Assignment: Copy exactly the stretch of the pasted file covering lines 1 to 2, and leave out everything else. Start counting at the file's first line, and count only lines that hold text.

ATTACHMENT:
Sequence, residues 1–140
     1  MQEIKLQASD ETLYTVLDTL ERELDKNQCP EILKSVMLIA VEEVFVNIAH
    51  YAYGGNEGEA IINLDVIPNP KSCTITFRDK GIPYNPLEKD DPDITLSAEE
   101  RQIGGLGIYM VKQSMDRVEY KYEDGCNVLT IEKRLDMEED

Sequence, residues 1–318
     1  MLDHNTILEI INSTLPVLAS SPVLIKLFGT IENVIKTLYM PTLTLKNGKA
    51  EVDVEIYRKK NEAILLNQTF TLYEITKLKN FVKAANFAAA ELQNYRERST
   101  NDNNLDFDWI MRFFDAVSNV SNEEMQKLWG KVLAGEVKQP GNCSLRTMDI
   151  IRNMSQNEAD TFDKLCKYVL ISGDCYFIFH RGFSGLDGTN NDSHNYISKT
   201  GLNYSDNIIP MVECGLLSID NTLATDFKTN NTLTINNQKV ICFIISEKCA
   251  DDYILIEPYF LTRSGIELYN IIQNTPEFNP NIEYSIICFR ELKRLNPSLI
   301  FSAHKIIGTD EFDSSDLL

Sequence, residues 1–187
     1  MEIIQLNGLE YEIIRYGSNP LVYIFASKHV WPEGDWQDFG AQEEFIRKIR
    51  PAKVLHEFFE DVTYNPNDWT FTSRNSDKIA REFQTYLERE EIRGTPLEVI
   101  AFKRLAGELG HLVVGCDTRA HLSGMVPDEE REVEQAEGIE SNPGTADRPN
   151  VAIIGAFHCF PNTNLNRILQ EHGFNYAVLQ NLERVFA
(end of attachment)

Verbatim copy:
Sequence, residues 1–140
     1  MQEIKLQASD ETLYTVLDTL ERELDKNQCP EILKSVMLIA VEEVFVNIAH